The critics blurbs in this clip say "romantic comedy" — as does the purple sex-toy scene — but the melancholy soundtrack and the sad, pensive looks on Lizzy Caplan and Alison Brie's faces say bring some Puffs when you see Michael Mohan's Save the Date. more »
Lizzy Caplan and Adam Scott haven’t hung up their pink bow ties just yet.
Although cult hit Party Down has been off the air for two years, fans of the show split their time between making Party Downton (Party Down + Downton Abbey) memes and petitioning for a film. And while there have been mini-reunions on Children’s Hospital and web series Burning Love, none compare to Lizzy Caplan and Adam Scott's team-up as feuding former couple, Gena and Clyde, in Bachelorette, in limited release now.
The course of equal opportunity raunchy comedy never did run smooth. Like Bridesmaids, Bachelorette is a foray into proving that ladies are capable of wielding gross-out humor just as ably as the gentlemen, with the obvious comparison piece being Todd Phillips' The Hangover. Written and directed by first-timer Leslye Headland (who previously worked as a writer on Terriers) and produced by Will Ferrell and Adam McKay, Bachelorette sends its trio of dysfunctional bridesmaids into all kinds of night-before-the-wedding misbehavior, including cocaine use, falling-down drunkenness, physical altercations, promiscuity, theft and general nastiness.
But then, as if afraid that all of this misdeeds will drive the audience away, the film tries to add a last minute portion of heart, explaining away the actions of its three main characters as the result of damage and pairing them all up with guys to get them through to an at least temporary happy ending.
Scarlett Johansson might have some competition from Lizzy Caplan in the Avengers world.
Although the short film Item 47, which stars Caplan, hasn't officially debuted yet — it's one of the many Avengers Blu-ray extras, due out September 25 — the actress had fun riffing on the possibilities if her appearance in the one-shot S.H.I.E.L.D adventure could lead to to her suiting up as a Marvel superheroine. more »
Bachelorette had my attention from the moment I saw that Lizzy Caplan is in it, but wait until you see the Red Band trailer. Caplan plays Gena, a secret romantic with a memorably filthy mouth — isn't that always the case — who joins her longtime friends and fellow bridesmaids Katie (Isla Fisher), and Regan (Kirsten Dunst) for a wild night out in Manhattan after their bride-to-be bestie insists on a tame bachelorette party. more »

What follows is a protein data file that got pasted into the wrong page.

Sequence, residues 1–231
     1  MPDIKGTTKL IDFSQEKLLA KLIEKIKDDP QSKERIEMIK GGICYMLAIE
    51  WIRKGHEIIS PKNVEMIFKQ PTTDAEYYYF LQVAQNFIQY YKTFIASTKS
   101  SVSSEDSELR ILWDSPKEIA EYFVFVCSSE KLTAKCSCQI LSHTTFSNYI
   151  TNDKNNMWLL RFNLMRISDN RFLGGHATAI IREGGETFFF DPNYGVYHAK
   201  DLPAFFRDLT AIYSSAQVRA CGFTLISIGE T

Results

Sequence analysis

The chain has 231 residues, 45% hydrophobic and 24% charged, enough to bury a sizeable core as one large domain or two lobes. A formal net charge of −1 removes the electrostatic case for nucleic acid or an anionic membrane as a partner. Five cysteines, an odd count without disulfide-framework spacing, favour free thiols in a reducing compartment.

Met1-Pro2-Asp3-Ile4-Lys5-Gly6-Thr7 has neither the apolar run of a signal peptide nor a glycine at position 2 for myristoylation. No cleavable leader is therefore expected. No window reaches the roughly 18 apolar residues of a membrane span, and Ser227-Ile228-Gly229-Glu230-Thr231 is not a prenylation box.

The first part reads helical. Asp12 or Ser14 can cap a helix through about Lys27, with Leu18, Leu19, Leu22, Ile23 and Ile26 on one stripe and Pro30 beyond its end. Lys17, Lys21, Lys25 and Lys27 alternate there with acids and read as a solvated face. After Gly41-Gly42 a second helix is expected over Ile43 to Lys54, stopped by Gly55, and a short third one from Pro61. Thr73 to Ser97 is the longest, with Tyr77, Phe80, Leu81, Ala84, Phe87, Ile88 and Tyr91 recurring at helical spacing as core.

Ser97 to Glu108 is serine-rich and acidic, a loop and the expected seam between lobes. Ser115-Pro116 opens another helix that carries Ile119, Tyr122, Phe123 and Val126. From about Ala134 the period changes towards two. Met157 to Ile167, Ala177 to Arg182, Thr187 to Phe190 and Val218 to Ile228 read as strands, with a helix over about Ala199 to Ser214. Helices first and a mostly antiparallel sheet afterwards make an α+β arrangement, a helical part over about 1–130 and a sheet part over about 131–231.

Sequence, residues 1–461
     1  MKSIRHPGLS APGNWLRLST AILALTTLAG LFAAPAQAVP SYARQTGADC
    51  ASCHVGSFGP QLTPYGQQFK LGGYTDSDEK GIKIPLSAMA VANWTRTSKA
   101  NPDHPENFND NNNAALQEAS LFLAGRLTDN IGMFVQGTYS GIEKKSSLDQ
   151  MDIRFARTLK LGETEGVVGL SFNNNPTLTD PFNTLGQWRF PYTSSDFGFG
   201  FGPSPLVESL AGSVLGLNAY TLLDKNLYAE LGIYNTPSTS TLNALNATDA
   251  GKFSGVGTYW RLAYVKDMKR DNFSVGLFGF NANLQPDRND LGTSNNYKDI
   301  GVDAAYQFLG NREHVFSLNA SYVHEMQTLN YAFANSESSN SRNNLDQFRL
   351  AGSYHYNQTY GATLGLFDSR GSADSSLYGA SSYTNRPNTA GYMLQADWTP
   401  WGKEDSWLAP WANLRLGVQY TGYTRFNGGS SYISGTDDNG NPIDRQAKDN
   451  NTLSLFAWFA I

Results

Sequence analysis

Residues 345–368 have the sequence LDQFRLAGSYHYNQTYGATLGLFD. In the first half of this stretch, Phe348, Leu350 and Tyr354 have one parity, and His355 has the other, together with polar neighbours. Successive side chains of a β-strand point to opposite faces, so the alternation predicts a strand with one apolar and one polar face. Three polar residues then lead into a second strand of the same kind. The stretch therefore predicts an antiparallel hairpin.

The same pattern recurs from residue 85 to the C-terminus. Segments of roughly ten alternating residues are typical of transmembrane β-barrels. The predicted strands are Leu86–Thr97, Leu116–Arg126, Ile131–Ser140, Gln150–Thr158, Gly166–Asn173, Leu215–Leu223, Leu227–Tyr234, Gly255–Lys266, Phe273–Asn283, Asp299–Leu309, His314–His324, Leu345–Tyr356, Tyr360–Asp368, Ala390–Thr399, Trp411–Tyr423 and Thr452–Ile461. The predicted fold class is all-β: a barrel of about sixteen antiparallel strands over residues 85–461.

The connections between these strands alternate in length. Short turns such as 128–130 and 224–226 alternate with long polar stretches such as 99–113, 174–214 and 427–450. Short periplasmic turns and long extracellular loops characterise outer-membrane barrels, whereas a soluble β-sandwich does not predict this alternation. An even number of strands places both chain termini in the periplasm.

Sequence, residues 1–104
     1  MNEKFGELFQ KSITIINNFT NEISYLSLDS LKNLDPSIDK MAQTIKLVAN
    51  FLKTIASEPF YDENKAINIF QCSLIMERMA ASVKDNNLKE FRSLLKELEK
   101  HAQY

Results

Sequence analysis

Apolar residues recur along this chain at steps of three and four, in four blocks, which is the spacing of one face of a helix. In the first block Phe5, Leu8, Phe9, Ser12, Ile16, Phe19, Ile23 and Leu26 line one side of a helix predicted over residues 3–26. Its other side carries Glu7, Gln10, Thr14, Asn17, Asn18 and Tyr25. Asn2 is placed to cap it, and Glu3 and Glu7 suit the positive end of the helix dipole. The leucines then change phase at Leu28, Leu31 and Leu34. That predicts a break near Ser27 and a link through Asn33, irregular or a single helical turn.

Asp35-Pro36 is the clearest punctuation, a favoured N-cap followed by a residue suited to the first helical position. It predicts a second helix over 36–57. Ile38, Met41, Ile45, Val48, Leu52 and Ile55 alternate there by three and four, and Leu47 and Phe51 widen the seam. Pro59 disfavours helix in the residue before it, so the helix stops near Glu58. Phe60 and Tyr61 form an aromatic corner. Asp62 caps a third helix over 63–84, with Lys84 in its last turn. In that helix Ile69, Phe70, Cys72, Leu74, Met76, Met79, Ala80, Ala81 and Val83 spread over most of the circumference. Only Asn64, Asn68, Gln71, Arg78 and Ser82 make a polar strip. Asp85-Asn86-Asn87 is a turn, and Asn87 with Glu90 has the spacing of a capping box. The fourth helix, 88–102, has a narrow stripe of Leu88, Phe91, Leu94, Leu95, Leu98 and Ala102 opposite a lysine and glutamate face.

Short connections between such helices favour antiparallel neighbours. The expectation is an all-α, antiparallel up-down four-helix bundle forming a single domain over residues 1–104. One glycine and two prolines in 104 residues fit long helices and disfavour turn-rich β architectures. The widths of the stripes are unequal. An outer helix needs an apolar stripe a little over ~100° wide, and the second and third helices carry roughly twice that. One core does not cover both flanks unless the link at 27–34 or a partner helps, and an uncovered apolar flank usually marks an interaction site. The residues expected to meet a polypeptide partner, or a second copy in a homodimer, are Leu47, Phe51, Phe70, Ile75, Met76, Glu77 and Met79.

Starring in a short film that’s paired with a blockbuster movie seems sort of like being a pinch-hitter who sat on the bench but got invited to take a victory lap with the starting team; the glory is automatic, but it would have been great to be able to play in the big game. But for Marvel movies, short films are more like audition tapes, and Item 47, which accompanies the September 25 Blu-ray release of The Avengers, introduces two characters – played by Lizzy Caplan and Jesse Bradford – who may soon find themselves joining in on the superhero action, if they prove as appealing to audiences as their ingenuity does to S.H.I.E.L.D.
No matter how many gifting suites, D-list "celebrities" and/or head-splitting parties the malevolent forces of modern commerce may stuff into the wintry idyll of Park City over the next week, we'll always have the movies. And as usual, "we" also means studios and distributors with money to burn and release slates to fill. Let the Sundance bidding wars begin!
When marriage stops being a given, realistic romantic comedies are born. In Save the Date, sisters Beth (Alison Brie) and Sarah (Lizzy Caplan) are on different relationship paths – one toward marriage, another away from it. Michael Mohan’s film reflects the attitudes of a generation who suffered through their parents’ divorces. Playing Andrew, Beth’s fiance, Martin Starr can identify all too well with that premise by looking at his circle of friends: He’s hit that time in life when everyone’s hearing or tuning out wedding bells.
Upright Citizens Brigade co-founder Matt Walsh (Outsourced) called on a dozen of his fellow comedians to act in his directorial debut High Road, an improvised film about a weed dealer (James F. Pumphrey) torn between his "career," his musical aspirations, and his pregnant girlfriend (Abby Elliott). Hit the trailer after the jump and see how many of your favorite comedy players, including veterans of The State, Saturday Night Live, and Walsh's short-lived series Players show up in the lo-fi indie comedy. (Well hello, Horatio Sanz!)